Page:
Bcom 1st Year Meaning of Monopolistic Competition

Bcom 1st Year Meaning of Monopolistic Competition

Meaning of monopolistic competition 

“Monopolistic competition” is a middle type of imperfect competition. The proponent of this idea was Prof. Chamberlin. Monopoly competition refers to a stage in which the number of sellers is high, but their items are not uniform, there is little difference or difference in the items. Due to ‘commodity discrimination’ each seller has absolute monopoly over his own commodity and can affect the price of the commodity. But since these firms sell similar items, there is also intense competition among these monopolistic vendors, so Prof. Chamberlin has called this situation a “monopolistic competition”. In the words of Stonier and Hague, “In the event of imperfect competition, most producers’ goods are very similar to those of their competitors, As a result, these producers always have to pay attention to how the actions of competitors will affect their profit. In economic theory, this kind of situation is analyzed under monopolistic competition or group equilibrium. In this, competition in many firms making the same items is complete and intense. ” 

In short, “Where there are many firms in the market but there is differentiation in the product, monopolistic competition is the market condition.” 

Features of monopolistic competition

(Characteristic Features of Monopolistic Competition)

The features of monopolistic competition are as follows 

1. Greater number of firms operating independently

(Large Number of Independent Firms)-

(i) In monopolistic competition the number of vendors is more (less than the full competition), but each vendor is small and produces a very small proportion of the total production.

(ii) There is competition between these different vendors. They work independently, they do not have compromises or secret treaties. 

2. Product Differentiation –

Object discrimination is the basic basis of monopolistic competition. Object discrimination means that not all units of a particular object are the same. Goods produced by all firms are mostly interchangeable, but they are not identical. Object discrimination can be of two types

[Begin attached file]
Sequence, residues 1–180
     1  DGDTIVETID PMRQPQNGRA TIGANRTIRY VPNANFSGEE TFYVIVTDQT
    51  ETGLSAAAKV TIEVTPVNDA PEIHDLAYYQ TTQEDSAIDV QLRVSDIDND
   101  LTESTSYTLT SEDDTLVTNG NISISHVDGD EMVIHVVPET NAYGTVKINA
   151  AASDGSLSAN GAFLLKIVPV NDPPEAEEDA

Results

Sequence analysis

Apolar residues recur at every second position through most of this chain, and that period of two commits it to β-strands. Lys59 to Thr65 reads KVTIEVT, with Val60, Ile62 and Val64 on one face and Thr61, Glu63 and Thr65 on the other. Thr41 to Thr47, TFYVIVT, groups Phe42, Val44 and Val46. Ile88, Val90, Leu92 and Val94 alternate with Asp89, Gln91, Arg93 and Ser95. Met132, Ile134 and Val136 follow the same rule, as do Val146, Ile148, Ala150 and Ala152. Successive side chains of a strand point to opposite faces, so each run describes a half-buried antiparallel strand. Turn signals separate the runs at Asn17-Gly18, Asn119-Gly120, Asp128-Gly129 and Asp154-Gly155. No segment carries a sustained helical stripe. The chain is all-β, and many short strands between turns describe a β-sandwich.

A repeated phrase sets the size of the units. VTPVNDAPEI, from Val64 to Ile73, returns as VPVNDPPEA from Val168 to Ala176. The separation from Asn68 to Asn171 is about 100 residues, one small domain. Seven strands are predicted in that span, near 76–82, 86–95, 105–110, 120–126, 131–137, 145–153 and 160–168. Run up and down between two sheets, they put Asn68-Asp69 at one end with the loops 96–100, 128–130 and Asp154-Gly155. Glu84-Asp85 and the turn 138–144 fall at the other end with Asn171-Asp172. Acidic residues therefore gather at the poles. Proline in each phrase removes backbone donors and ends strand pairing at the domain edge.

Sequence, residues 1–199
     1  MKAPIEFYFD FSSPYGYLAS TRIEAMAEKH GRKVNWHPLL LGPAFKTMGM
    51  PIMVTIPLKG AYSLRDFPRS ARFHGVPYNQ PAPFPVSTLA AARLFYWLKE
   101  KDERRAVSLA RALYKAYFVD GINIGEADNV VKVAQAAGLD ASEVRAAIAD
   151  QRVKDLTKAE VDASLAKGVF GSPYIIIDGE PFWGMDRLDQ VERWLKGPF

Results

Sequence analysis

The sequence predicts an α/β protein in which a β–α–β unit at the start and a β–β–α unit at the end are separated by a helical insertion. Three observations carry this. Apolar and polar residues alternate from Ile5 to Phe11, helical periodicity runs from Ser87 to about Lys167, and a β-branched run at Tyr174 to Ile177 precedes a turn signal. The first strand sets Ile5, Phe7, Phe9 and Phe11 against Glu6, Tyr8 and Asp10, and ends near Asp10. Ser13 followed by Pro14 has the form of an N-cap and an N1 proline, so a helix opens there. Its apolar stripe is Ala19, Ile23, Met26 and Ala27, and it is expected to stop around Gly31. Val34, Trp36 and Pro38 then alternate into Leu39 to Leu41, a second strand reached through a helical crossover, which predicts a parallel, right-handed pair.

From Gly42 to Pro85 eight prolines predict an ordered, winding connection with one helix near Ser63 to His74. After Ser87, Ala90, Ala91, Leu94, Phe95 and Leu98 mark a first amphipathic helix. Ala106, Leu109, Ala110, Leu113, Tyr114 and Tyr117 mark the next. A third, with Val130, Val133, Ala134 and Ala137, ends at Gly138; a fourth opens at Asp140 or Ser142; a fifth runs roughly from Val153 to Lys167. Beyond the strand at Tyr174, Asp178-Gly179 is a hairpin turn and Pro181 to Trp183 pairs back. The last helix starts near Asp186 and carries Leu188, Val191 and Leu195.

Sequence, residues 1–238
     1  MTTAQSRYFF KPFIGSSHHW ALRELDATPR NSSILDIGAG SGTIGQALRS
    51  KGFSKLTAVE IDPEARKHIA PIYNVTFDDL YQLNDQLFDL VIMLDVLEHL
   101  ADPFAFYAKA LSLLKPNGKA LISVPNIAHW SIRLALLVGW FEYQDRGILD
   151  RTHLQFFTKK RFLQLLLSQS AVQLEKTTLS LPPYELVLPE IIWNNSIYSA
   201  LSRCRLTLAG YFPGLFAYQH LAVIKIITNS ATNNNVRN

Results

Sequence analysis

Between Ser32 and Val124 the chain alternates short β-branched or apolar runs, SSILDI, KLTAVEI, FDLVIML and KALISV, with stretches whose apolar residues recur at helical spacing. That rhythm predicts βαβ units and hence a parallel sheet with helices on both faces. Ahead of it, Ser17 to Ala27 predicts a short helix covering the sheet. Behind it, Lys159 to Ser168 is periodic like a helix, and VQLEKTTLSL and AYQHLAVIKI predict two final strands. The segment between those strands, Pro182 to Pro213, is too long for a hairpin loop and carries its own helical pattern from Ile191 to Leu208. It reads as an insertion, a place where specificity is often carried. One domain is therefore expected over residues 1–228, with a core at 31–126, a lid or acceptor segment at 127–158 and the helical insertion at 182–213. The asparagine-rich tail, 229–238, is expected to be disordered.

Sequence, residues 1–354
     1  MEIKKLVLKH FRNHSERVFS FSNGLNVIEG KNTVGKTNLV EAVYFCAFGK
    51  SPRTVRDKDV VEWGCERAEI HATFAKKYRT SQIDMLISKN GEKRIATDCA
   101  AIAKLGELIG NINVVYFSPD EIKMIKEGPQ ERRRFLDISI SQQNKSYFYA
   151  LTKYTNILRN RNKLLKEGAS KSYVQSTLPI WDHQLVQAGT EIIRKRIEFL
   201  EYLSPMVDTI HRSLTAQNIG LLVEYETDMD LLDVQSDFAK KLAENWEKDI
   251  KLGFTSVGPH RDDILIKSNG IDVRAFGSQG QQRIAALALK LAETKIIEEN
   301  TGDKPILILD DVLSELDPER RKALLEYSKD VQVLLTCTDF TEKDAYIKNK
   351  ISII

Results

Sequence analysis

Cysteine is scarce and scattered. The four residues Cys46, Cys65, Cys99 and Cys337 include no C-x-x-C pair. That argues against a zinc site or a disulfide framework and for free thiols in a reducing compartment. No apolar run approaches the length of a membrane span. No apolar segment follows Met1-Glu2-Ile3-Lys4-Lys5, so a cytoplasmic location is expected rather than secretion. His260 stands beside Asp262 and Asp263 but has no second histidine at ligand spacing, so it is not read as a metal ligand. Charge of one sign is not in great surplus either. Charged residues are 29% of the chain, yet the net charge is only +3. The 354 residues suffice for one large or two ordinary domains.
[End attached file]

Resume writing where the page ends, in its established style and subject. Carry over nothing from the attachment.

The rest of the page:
(i) Real commodity differentiation- Under this there are real relation of variety in different units of commodity. 

(ii) Artificial or fictitious differentiation – There is no difference between the different units of the object, but the advertisement affects the attitude of the customers in such a way that they start to understand the difference. 

There are two methods of object discrimination –

(a) Object variation-

(A) This distinction may be based on the variation of the object; Such as variation in trademark, variation in packing, variation in color. 

(B) Post-purchase services in commodity variety; For example, the facility of repair of goods, lac facility, return of goods in case of spoilage, facility of transporting the item to the buyer’s house, etc. are included. 

3. Free entry of firms Sales extension-

The sales activities of the goods – advertising and sales characteristic * can generate confidence in the fact that their goods are difficult to enter into other vendors industry as a new form of freedom. 

” F ree Entry of Firms” – Monopolies can enter the competition in the form of a season, but the competition is more difficult than in the full competition. The reason for this is – object discrimination. As firms enter the monopolistic competition independently, like monopolistic competition too, firms generally only get an advantage. 

4. Non-price competition –

Since there is a difference in multiple competition, there is intense non-price competition in firms. This means that competition in monopolistic competition is not only on the price but on the quality of the goods, conditions related to the sale of the goods or services and science, etc. Is based.

In monopolistic competition, each type of partial monopoly is available to each firm or vendor and in such a situation it must compete with a whole group of monopolies like itself. Since no two firms in the monopolistic competition produce identical objects, economists use the term group in place of industry under monopoly competition. 

In short, the characteristics of monopolistic competition are as follows –

(1) The number of firms is generally high.

(2) Any firm has the freedom to enter the industry.

(3) All firms resemble, but sell asymptomatic items.

(4) Object discrimination is found.

(5) Each firm has a monopoly on the production of its goods. 

(6) The buyer may like an item more than the goods produced by different vendors. 

(7) Competition is found in similar goods produced by different firms. 

(8) The seller may charge a higher price than the goods of his competition based on the buyers preference. 

(9) Non-price competition occurs. 

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